Northeast Wisconsin
  • Northeast Wisconsin
  • October 2017
Written by 

Questioning your fitness professional

A video has been circulating the news of a cheer coach forcing the young girls he coaches into the splits; forcibly holding them down so they will increase flexibility. First off, this is the exact wrong way to gain flexibility and the end result for one of the girls is permanent damage (which is why this is on the news). But this story brings up an extremely important point for everyone in sports and fitness: question your coach!

In our current culture, everyone is an expert. Just ask them! There are constant ads on Facebook with fitness tips and never-ending articles on “this is the best stretch ever.” The problem is that most of these ads and articles are not peer reviewed, they are simply one person’s opinion and may or may not have any background in credible research. Why is that a problem? You as the consumer could be training with someone who is really good at marketing themselves (after all, they are an expert!) but doesn’t actually have the health knowledge to train you safely. Like the cheer coach who defended his stretching method as “that’s how I was taught” your trainer may be using out-of-date techniques or only have one set of techniques to choose from and the end result will be your injury.

Things to ask when selecting an exercise professional to help you reach your goals:

  • What degrees do they have and from where? This will give you an idea of their base knowledge. For example, my PhD is in injury prevention for musicians so before I started my fitness journey I already had a background in how the body works and an understanding of movement mechanics. This knowledge could then be applied to fitness when I switched industries.
  • What certifications do they have? I’ll let you in on a secret, fitness certifications are often a money grab for the person running the course. The governing accreditation bodies get paid to let a new certification course qualify, so they are making money by certifying a new instructor certification course. So what does that mean? Many of the instructor certification courses are not actually good. But you as the consumer want a fitness professional who has taken numerous certifications because it shows that the coach is trying to gain a wide knowledge base. For example, I’ve taken three “Aerial Yoga” instructor certification courses. One of them was outstanding, I learned a ton about the body under gravity and advanced spotting technique when using the hammock. One was a good list of the moves but didn’t really teach me how to teach or break anything down. And the last was plain bad where the practices being taught were simply unsafe. If I had only taken the last one, that would have been my only knowledge base but since I had taken multiple I could draw different pieces from each to create my own “best practice” aerial yoga program.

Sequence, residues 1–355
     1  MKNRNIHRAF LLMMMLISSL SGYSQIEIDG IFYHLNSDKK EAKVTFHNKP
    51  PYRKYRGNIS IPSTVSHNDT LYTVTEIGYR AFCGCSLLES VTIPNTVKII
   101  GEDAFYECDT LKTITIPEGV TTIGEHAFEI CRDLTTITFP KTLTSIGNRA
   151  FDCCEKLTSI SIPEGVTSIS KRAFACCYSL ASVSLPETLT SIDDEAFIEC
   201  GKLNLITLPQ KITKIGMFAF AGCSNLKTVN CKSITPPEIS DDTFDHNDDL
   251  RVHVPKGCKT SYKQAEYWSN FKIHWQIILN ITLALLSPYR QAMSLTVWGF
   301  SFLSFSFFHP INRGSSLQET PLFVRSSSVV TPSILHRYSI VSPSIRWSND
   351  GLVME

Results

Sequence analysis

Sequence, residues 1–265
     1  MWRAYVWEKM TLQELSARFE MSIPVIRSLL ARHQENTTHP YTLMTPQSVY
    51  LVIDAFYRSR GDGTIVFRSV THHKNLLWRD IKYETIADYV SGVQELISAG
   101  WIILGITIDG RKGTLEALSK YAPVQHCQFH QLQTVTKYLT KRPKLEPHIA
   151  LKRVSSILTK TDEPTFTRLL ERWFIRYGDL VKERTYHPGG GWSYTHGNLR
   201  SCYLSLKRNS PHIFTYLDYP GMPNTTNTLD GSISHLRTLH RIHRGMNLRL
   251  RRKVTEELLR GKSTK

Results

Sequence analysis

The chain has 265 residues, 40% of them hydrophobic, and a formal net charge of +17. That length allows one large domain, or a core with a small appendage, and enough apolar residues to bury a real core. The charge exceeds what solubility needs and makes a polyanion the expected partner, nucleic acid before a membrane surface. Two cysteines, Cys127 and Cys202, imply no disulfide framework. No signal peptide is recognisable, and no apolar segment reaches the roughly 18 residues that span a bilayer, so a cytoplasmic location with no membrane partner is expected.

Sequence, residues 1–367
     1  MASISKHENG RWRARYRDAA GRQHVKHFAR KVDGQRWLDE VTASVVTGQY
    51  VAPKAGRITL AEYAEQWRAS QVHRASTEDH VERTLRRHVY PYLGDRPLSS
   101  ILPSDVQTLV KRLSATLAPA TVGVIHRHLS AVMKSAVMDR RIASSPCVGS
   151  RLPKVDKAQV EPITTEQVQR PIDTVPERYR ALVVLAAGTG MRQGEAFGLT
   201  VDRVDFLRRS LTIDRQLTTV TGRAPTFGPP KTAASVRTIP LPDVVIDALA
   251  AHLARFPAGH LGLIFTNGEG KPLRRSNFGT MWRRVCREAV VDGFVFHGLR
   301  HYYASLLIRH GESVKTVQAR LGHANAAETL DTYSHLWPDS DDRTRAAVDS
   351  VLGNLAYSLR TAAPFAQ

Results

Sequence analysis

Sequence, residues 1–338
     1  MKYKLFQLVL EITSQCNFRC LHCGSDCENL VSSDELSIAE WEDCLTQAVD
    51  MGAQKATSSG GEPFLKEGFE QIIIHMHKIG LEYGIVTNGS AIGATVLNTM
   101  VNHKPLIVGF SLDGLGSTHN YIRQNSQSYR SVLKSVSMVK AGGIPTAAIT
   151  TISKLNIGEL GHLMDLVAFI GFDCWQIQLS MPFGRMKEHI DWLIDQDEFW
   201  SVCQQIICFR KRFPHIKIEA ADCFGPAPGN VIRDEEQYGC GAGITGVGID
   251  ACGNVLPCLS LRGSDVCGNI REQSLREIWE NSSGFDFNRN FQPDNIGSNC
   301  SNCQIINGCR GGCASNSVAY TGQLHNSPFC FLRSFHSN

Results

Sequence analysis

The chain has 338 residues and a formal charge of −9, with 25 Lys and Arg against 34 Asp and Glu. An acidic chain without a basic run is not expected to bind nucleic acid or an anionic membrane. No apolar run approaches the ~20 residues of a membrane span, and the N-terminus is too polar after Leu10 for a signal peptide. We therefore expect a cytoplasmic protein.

• Do they continue to learn? The fitness industry is changing. Our knowledge base is changing as we learn more about the body. You want to work with a trainer who is constantly learning the newest techniques and reading the most current research. For example, 15 years ago we taught static stretching as the warmup but have since learned through EMG research that holding a stretch for a length of time without movement actually decreased the muscle function after for a period of time. For this reason we now do dynamic stretching and movement based warmups that encourage muscle function. You want to work with a fitness professional who is continually broadening their knowledge base with the most up-to-date research in the field.
  • How long have they practiced that sport or exercise? The longer someone has practiced, in theory, the more they know. For example, this year was my 10 year “pole-aversary”; I’ve been spinning for 10 years! This length of time has taught me an insane number of tricks and variations. It has also given me the opportunity to work with multiple different body shapes and types to figure out a ton of solutions for common problems. Because I’ve been in the sport so long, if you are struggling with something I likely have seen the problem or a variation of the problem before so I can address it quickly and with a lot of different options. The longer you practice a sport the more tips and tricks you learn. So studying with a teacher who has done the sport for years is going to benefit you.

Just because someone says they are an expert, don’t believe them. Ask about their qualifications! Ask them about what they are doing to keep learning. It isn’t disrespectful to ask if they are qualified. I personally love when someone asks me about my qualifications because I’ve worked really hard to be an authority in my field. I will happily show you the latest research I’m reading and talk to you about why I teach the way I do because I’ve put so much thought into it. It is your body. You have a right to know a lot about the background of the person who is going to help guide you in your fitness journey. 

 

Paula Brusky, PhD

Dr. Paula Brusky is the owner of Aerial Dance Pole Exercise, LLC in Appleton. With a PhD in injury prevention, a group fitness certification from the American Center on Exercise and numerous fitness, aerial and pole instruction certifications she is a leading aerial arts educator. For more information or to sign-up for your first Pole, Hammock, Hoop or Silks class, call 920-750-1441 or visit www.PoleAppleton.com.

Website: www.PoleAppleton.com
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